• Gregory Z. Smith


Updated: Mar 11, 2019

When I was teaching and more recently being on the city council, I have seen an important part of my role being in the example I have set.  Sometimes, that example has been acknowledged by others; sometimes, I have simply noted that the example was being followed. It is a relatively quiet, but usually rewarding, leadership style.

Often we do what we do simply because it is integral to who we are or what we believe must be done. So, it is interesting to consider all that we do when trying to see those things from the perspectives of others.  Considering my quiet leadership style, it is a little surprising how long a list is generated.  Here are four Rs in Leadership.


* When we sit on the dais and often at other meetings, we are addressed by our official titles; not by our first names. To return that show of respect, I try to always refer to those who speak or report to us as Ms., Mr., or Dr., and not by their first names, even when I know the individuals well.

* Many on the office staff at City Hall and many who come to speak with us wear business attire. Even though there are no rules saying I must wear a jacket and tie, I try to respect that expectation when I am present in my official capacity at City Hall or at events.

* We live in a community in which many different religious traditions and belief systems are observed. In order to respect those differences and to support the First Amendment of our United States Constitution, I avoid making any references in my official capacities to my own beliefs or making proclamations that might be interpreted as indicating any preference for any one belief over another.

* Out of respect for the racial and ethnic diversity of our community and in support of the Fourteenth Amendment, I treat people of all races and backgrounds equitably. I have been working to establish a "Tribal Gateway" at or near the traditional Piro-Manso-Tiwa dance location so that we can ensure respect for the first people here and all who arrived here subsequently.

* Even though the Equal Rights Amendment has not yet passed, I also make every effort to treat people equitably regardless of current, past, or potential future gender and regardless of sexual orientation.

* When people present to us, I try to give them my full attention. Usually, when a speaker or presenter looks across the dais to see who is listening, they see my eyes are on them or on the information they are sharing.


* I try to answer every email, text, and phone call (except when there is a "blast" of them and dozens come from outside our community, sometimes even out of state). That is true of letters also, but we simply don't get that many these days. I know I have missed a few over the years since I was first elected to the Council, and even though I believe it happens rarely, I always try to do better.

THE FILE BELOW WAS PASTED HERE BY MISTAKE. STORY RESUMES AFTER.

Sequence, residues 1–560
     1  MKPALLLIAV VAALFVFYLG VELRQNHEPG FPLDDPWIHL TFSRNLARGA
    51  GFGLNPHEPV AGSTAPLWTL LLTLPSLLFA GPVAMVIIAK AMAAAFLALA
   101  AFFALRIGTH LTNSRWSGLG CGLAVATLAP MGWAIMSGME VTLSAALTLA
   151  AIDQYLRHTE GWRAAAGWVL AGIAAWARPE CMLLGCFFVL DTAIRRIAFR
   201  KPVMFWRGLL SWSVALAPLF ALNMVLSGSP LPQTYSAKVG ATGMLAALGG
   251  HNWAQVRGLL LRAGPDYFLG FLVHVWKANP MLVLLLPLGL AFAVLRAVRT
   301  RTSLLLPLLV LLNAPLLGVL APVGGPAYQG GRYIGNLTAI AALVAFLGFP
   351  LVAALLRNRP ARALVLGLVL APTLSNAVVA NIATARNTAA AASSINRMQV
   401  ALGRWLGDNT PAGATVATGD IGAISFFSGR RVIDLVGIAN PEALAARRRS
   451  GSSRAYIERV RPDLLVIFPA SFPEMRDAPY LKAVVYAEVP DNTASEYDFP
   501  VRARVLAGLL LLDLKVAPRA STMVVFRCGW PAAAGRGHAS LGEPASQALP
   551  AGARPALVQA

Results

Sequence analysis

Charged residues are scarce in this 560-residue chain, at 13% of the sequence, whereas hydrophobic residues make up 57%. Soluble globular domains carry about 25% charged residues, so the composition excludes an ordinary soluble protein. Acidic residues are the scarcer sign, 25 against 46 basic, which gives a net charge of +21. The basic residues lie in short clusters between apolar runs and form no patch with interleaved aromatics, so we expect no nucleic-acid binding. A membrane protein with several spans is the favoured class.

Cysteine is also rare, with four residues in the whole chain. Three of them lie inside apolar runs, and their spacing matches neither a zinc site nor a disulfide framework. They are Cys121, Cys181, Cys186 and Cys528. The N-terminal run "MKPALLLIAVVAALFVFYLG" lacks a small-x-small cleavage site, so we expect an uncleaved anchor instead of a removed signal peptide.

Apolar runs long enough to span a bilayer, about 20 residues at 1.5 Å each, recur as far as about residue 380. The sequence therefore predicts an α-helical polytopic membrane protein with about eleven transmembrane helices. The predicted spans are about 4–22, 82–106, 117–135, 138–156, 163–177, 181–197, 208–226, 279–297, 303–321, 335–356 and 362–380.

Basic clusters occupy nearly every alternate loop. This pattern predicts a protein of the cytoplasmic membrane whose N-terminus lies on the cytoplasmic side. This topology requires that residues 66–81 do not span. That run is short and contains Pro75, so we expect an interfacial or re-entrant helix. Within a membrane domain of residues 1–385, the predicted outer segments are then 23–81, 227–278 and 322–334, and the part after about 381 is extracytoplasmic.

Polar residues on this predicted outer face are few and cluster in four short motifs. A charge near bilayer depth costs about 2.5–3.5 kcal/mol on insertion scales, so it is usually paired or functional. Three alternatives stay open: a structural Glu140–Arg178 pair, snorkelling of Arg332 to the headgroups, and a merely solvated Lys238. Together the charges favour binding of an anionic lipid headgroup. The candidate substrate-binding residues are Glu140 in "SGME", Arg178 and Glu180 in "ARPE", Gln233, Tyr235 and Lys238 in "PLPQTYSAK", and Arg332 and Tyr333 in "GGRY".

* Since City emails are dumped after a period of time, I try to circle back and make sure I've responded, but some have been dumped before I have tracked them back down.

* City voicemails are dumped even more quickly, but only a few times have I not been able to get back to them before that has happened.

* Often, we hear from people bringing something to the attention of the whole council that more appropriately should be brought to the attention of their councilor. Even when I can determine that someone lives in a district other than District 2, I will often respond and Cc their councilor so that the other councilor can add what he or she knows about the situation.

* I do hear from people who appreciate how responsive I've been and thank me for it.


* Since early in my first term, I have treated my duties as a city councilor as a full time job. This means that some weeks are close to 40 hours long during "regular" work hours, but some include evening and weekend engagements that add hours. Some weeks may be lighter, but often processes include working from home, out on site, or while on vacation.

* We do the people's business in our meetings. I take that very seriously; so, I almost never bring my cell phones to our meetings and extremely rarely answer texts or emails during meetings. I know how easy it is to be distracted, and I usually leave the phones in the office.

* For the sake of our community, I consider it a responsibility to look for the ways we can improve life and expand opportunities here. I am often requesting information, attending conferences, and looking for ways to collaborate in those efforts.

* Each of us serves on various committees and boards, and so, we have other additional meetings beside the ones on Mondays. I try never to miss those meetings, and I try always to be prepared.

Research * While I believe I bring new and beneficial ideas to our efforts, I also stress the importance of bringing data and research to help us be informed in our decision making.

* I learn from various meetings and presentations, from conferences and roundtables, from reading and travels, and from searches I and others have done on the internet.

* It may be easy to go with "gut feelings," but it is advisable to have information supporting or at least informing our choices in the directions we go.

Leadership is often described in different ways, but I believe the most accurate description of what I do comes from Albert Schweitzer:

Example is leadership.

Throwing out the first ball a few years ago. It didn't make it to the plate!

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